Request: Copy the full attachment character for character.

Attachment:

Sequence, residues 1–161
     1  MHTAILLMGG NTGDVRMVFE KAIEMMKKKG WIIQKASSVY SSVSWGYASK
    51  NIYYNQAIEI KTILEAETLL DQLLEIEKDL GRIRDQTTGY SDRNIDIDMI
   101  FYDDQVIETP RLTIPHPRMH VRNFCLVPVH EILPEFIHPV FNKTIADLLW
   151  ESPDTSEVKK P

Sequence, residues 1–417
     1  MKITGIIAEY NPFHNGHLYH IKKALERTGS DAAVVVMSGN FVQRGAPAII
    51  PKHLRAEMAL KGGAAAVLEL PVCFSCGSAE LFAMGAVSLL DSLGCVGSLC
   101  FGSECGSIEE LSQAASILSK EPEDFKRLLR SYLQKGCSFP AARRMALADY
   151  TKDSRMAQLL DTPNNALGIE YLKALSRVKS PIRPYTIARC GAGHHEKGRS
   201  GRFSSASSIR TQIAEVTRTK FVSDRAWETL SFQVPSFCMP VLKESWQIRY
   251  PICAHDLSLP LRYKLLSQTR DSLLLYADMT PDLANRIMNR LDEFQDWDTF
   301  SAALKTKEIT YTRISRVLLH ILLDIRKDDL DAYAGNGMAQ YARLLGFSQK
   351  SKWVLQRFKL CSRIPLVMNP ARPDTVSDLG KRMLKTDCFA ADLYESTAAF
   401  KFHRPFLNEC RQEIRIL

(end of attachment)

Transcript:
Sequence, residues 1–161
     1  MHTAILLMGG NTGDVRMVFE KAIEMMKKKG WIIQKASSVY SSVSWGYASK
    51  NIYYNQAIEI KTILEAETLL DQLLEIEKDL GRIRDQTTGY SDRNIDIDMI
   101  FYDDQVIETP RLTIPHPRMH VRNFCLVPVH EILPEFIHPV FNKTIADLLW
   151  ESPDTSEVKK P

Sequence, residues 1–417
     1  MKITGIIAEY NPFHNGHLYH IKKALERTGS DAAVVVMSGN FVQRGAPAII
    51  PKHLRAEMAL KGGAAAVLEL PVCFSCGSAE LFAMGAVSLL DSLGCVGSLC
   101  FGSECGSIEE LSQAASILSK EPEDFKRLLR SYLQKGCSFP AARRMALADY
   151  TKDSRMAQLL DTPNNALGIE YLKALSRVKS PIRPYTIARC GAGHHEKGRS
   201  GRFSSASSIR TQIAEVTRTK FVSDRAWETL SFQVPSFCMP VLKESWQIRY
   251  PICAHDLSLP LRYKLLSQTR DSLLLYADMT PDLANRIMNR LDEFQDWDTF
   301  SAALKTKEIT YTRISRVLLH ILLDIRKDDL DAYAGNGMAQ YARLLGFSQK
   351  SKWVLQRFKL CSRIPLVMNP ARPDTVSDLG KRMLKTDCFA ADLYESTAAF
   401  KFHRPFLNEC RQEIRIL